6. The Secret Scripture by Sebastian Barry - Told from the letters and diaries of both an old woman, Roseanne, who is housed in an asylum, and a younger man, Dr. Grene. The narration moves back and forth, unveiling both their stories as it goes. The language is marvelous and their stories unfold slowly, relating surprising elements I won't spoil. 5 stars. Audio, Jan. 26th-Feb. 16th

7. Dept. of Speculation by Jenny Offill - Told from the perspective of a unnamed wife, who at one time, wrote to her husband from the "Dept. of Speculation". This is another audio book narrated by the author and I appreciated the way she spoke softly, as if relating her secrets, telling of the uncertainties in her marriage and life as a mother. 4 stars. Audio, Feb. 2nd, a one day read.

8. The Sparrow by Mary Doria Russell - This was a favorite of many of my friends, but I just couldn't get into the story. I found the characters to act more like children than scientists and was very put off by the story. I stretched to give it 2.5 stars. Kindle, Jan.21-Feb. 1st

9. The Girl on the Train by Paula Hawkins - You may have heard all the hype about this book and many of you may have already read it. It was a page turner, a good mystery, and it was hard to pick out the villain until the end. 3 stars, okay, but didn't live up to the hype.  Audio, Jan. 26th-27th

10. Brown Girl Dreaming by Jacqueline Woodson - This was perfect book to listen to because of the free verse style.  Jacqueline tells her story, her way and I listened to this book because she was the narrator. Having her read her ow words brought so much more to the story. 5 stars and marvelous. Audio, Jan. 22-23rd

At the moment, I'm reading, in both audio and paperback, The Shipping News by Annie Proulx. I loved this book the first time I read it in 1995 and I'm loving it again this time. As a bit of a distraction, I'm also listening to Raven Black (Shetland #1), a mystery. Next up, a recommendation from Carole, The Golem and the Jinni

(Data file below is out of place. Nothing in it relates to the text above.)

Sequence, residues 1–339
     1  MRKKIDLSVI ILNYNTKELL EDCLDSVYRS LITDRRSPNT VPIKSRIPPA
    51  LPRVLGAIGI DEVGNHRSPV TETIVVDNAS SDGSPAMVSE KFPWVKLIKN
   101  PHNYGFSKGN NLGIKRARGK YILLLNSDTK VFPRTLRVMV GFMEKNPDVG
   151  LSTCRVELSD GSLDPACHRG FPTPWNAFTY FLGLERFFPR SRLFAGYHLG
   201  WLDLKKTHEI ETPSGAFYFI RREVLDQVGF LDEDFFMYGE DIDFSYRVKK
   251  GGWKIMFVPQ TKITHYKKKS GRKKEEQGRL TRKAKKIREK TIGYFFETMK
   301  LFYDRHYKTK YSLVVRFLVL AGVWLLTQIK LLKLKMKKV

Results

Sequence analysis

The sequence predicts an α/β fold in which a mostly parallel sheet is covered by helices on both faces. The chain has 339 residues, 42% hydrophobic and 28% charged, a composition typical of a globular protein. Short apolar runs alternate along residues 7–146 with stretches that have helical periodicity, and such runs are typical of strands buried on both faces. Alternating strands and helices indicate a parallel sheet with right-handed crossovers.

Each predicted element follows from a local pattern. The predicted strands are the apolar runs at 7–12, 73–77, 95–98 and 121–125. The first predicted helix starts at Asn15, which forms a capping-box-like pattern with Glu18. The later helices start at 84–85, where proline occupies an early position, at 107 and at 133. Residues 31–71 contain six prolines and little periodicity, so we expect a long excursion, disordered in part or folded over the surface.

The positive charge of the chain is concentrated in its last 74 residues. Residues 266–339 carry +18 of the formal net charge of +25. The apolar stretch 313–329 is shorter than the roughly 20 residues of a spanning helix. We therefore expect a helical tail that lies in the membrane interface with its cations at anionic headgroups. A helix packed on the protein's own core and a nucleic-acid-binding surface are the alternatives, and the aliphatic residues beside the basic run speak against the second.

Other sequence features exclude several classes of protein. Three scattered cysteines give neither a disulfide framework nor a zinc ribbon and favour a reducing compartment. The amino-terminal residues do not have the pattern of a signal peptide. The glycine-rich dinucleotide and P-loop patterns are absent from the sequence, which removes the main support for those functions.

What's #1 on your reading list?

Treasured Times

Weekends like the one just past are to be treasured and I am doing just that. I stayed in the moment as much as possible and took nary a pictures (as usual) until Sunday rolled around and I knew I had to have something to share. 

16424432154_3a056b4ce4_oThis picture cost me a toe nail and any further walking for the day. My foot slide under a rock smashing the nail past the quick just as I took the shot. Poor me. 

Friday I had a lovely dinner with a friend and, afterward, we had a chance to walk through our favorite book store. I picked up a copy of Mary Oliver's The Leaf and the Cloud. 

Saturday, morning as I made my morning tea, a suddenly remembered there was a possibility I could see the moon in eclipse. I ran out the back door in my nightgown and saw a the shadow of the sun on the moon. The air was too chilly and I ran back in for my coat and jeans, then ran back out into the street, and watched the moon as the shadow passed creating a crescent on the setting moon. 

That afternoon, after Smith left for work (the midnight shift-poor guy) I met a friend for dinner and a movie. Sushi was our evening treat followed by a night with Cinderella. It was fun to go to a movie (a rare occurrence) and the message of this movie was a good one...Have courage and be kind. Don't be afraid to be yourself.

Sunday morning I let Smith sleep while I made my pot of tea and breakfast. As I stood in the kitchen I heard piano music and a woman singing. The sound was ethereal and I was mystified as to its source. I walked out into the warm windy morning, just as light was coming over the mountain. A beautiful voice and piano were carried on the wind and I listened with eyes closed. Later Smith told me the church across the street, the very one who allows us to use the land for our garden, had a sunrise service and that was the source of music. 


Our evening was spent cooking a delicious dinner, which included a salad made from lettuce we grew in our  carport garden box. It was tender and delicious, the first crop of the season! Our menu, which we saw as a nod to Easter/Passover, was lamb roast, rustic mashed potatoes, and asparagus, plus the salad, of course! 

I hope your weekend was as restful and delightful, with just a little magic thrown in.